By M.V.Ramakrishnan

Friday, May 27, 2016

Mozart's Last Piano Concerto, In His Last Performance As Soloist, 225 Years Ago

A few days ago I shared with you my essay Mozart's Vienna, which I wrote soon after the eventful world-wide Mozart Bicentenary Year (1991) extravaganza was over.  During that year I had written a few reviews of related performances by foreign musicians visiting New Delhi, and also an article about Mozart's last Piano Concerto (which seemed to reflect the melancholy spirit of the maestro's professional life in a feudal society -- just as his Clarinet Concerto did) :-

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New Delhi

5 April 1991

The Farewell Concerto

This is the bicentenary year of Wolfgang Amadeus Mozart (1756-1791), and quite predictably every chamber music ensemble which comes to New Delhi this year plays some works of the composer.  If we had a symphony orchestra visiting us from the West now, Mozart is bound to be featured prominently in its program. 

But when one thinks a little carefully about this, one realises that there is nothing very special about this scenario, which has always been more or less so!  For Mozart is among the composers of Western classical music whose works figure most frequently in the repertoires of symphony orchestras and chamber music groups in the West.

Mozart composed hundreds of works, the mere cataloguing of which had proved to be an arduous task for the scholars.  They include more than 40 symphonies, many concertos for the piano and one for the clarinet, numerous quartets and quintets for the string and wind instruments, many pieces of music for vocal and instrumental ensembles, several sonatas for the piano and the violin, many operas, serenades, masses, oratorios, cantatas, litanies and songs, and even some ballet music.  And this stupendous body of music was created within a short life-span of 35 years -- a truly mind-boggling achievement!

It is ironic that Mozart led a very insecure and troubled life, never being free from debts and worries, stifled by and rebelling against the enslavement of the artist in the 18th century feudal Europe.  Even though he had created a sensation all over the Continent and in England as a pianist when he was a mere child, he never tasted success in terms of the luxury and joy of a life free from petty concerns and frustration.

The tragedy of Mozart's life is perhaps summed up by a public announcement made in March 1791, just a few months before he passed away due to terminal illness :  "Herr Bahr, Chamber Musician presently in the service of the Imperial Russian Majesty, will have the honour of being heard playing several pieces on the clarinet, at a grand musical concert on Friday next, March 4, in Herr Jahn's hall, at which Madame Lange will sing and  Kappellmeister Mozart will play a concerto on the fortepiano.  Those still wishing to subscribe can obtain their tickets from Herr Jahn.  The concert begins at 7 p.m."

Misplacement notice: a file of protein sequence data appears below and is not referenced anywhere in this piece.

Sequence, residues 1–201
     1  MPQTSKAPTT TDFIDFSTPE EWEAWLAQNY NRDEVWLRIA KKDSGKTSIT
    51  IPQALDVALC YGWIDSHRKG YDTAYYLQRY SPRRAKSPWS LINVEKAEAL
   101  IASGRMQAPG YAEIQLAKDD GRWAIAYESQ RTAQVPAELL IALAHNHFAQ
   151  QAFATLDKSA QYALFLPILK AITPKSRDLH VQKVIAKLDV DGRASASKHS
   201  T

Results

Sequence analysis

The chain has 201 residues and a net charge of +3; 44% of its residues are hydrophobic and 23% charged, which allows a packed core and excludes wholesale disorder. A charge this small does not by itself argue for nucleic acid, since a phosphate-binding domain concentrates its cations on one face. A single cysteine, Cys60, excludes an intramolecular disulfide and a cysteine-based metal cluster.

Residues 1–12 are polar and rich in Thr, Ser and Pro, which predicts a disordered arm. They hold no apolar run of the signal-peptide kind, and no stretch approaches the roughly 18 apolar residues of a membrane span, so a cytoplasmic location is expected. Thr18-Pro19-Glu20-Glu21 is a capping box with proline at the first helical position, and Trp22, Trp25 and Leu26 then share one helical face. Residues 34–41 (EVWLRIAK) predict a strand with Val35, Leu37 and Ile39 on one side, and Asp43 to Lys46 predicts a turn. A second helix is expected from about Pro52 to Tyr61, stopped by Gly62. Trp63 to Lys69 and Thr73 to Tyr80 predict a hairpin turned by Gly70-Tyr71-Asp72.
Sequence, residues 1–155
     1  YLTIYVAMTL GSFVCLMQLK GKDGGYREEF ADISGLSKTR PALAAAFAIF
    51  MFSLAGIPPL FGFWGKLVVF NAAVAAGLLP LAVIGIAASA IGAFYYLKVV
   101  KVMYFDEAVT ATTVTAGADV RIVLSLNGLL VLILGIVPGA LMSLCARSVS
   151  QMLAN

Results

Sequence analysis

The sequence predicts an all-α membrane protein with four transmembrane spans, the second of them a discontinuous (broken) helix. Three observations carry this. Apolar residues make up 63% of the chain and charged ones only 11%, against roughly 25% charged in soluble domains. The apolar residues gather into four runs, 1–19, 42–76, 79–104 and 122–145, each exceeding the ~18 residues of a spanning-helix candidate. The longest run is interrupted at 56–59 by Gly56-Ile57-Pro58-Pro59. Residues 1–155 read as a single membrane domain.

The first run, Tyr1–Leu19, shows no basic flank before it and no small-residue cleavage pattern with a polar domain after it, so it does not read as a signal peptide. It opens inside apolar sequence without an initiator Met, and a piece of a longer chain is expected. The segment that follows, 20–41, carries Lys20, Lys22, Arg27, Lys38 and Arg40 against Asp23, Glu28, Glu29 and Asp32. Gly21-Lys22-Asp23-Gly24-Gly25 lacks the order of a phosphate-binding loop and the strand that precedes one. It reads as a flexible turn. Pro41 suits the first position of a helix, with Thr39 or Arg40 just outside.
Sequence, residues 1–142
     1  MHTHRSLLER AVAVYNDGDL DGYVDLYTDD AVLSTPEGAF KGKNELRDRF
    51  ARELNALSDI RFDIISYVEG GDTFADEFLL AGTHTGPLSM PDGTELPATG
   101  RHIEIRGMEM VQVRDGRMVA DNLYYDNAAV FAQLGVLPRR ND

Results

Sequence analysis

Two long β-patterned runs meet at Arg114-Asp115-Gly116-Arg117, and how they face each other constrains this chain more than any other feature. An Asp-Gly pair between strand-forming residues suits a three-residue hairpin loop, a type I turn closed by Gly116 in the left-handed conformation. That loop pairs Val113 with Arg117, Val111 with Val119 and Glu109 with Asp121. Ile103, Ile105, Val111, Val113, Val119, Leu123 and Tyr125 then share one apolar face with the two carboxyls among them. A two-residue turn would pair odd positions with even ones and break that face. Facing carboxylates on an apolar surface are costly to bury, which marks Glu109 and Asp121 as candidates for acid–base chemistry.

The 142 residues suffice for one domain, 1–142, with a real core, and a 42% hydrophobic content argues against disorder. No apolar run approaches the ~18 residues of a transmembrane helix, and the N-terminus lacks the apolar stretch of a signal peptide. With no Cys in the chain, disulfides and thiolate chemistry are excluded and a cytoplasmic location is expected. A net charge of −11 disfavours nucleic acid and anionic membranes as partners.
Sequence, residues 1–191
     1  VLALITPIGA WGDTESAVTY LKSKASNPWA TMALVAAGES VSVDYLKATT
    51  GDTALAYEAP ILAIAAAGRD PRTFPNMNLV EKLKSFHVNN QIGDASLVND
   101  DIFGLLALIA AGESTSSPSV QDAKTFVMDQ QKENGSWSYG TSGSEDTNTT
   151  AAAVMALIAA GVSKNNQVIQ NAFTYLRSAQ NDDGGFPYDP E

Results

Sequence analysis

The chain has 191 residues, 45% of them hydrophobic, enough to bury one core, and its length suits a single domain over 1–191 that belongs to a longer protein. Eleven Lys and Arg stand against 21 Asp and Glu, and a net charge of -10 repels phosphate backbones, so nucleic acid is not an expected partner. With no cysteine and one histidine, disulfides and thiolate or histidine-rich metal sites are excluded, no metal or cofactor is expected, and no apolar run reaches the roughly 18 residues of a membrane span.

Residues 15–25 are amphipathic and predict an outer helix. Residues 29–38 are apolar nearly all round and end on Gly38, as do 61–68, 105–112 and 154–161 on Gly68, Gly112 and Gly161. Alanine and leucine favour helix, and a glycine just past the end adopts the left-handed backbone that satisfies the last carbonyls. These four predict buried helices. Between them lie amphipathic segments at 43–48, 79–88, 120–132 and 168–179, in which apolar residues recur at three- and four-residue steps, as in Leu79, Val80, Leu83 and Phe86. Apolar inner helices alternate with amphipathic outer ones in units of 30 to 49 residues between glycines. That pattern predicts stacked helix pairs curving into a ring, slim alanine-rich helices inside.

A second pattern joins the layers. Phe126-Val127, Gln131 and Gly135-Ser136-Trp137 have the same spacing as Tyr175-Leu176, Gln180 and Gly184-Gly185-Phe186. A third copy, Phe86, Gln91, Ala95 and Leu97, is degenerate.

Not having any interesting musical preoccupation last week-end, I just imagined attending the concert at Herr Jahn's, which was a famous restaurant in Vienna.  It turned out to be nothing less than the premiere of Mozart's Piano Concerto in B-Flat Major (K-595), although the composer-soloist was so far down in the billing.  The 595 Concerto is not known to be a joyful composition , unlike many of Mozart's works.  In the words of Wolfgang Hildescheimer ("Mozart", Dent & Sons, London, 1983, page 300), it is "thought to have the quality of a transfigured farewell."  Indeed, it really was Mozart's last performance as a soloist.

My limited reading and research do not enable me to know how precisely the public and the critics reacted to Mozart'ss composition and performance that Friday evening in Vienna 200 years ago.  So far as I was concerned, with my 20th century perception of the master and his works, in my mind's eye I left Jahn's hall in a euphoric mood, determined to write a rave review predicting immortal fame for the composer, the pianist and the concerto.

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PostScript, 2016

Sound and spirit
As mentioned earlier, I was swept by an emotional hurricane when I wrote Mozart's Vienna, and kept listening to an LP record of the Clarinet Concerto repeatedly as I sorted out my thoughts, selected my quotations, and typed out the text.  I had been in a far less convulsive mood when writing Farewell Concerto a few months earlier, and didn't have a recording of it to hear during the exercise anyway. 

But as I set out to key in this vintage article again now after a quarter-century, I did feel extremely moved, and couldn't resist turning to YouTube for the sound and spirit of the music.  And I found, among others :

A powerful recital in the majestic ambiance of a superior 20th century concert hall, showing Russian pianist Emil Gilels with the Gewandhaus Orchestra in Leipzig :

A delicate performance on the fortepiano, as in Mozart's own times :

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